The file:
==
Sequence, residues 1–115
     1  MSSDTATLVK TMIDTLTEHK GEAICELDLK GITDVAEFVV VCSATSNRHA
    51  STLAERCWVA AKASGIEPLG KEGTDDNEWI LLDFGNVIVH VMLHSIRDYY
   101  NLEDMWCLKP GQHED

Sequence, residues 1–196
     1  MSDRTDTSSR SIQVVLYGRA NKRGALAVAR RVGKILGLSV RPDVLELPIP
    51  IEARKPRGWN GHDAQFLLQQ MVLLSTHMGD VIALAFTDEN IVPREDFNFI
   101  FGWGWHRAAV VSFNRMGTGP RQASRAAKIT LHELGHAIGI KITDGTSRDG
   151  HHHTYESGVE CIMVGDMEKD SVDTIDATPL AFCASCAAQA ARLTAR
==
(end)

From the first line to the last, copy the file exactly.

Sequence, residues 1–115
     1  MSSDTATLVK TMIDTLTEHK GEAICELDLK GITDVAEFVV VCSATSNRHA
    51  STLAERCWVA AKASGIEPLG KEGTDDNEWI LLDFGNVIVH VMLHSIRDYY
   101  NLEDMWCLKP GQHED

Sequence, residues 1–196
     1  MSDRTDTSSR SIQVVLYGRA NKRGALAVAR RVGKILGLSV RPDVLELPIP
    51  IEARKPRGWN GHDAQFLLQQ MVLLSTHMGD VIALAFTDEN IVPREDFNFI
   101  FGWGWHRAAV VSFNRMGTGP RQASRAAKIT LHELGHAIGI KITDGTSRDG
   151  HHHTYESGVE CIMVGDMEKD SVDTIDATPL AFCASCAAQA ARLTAR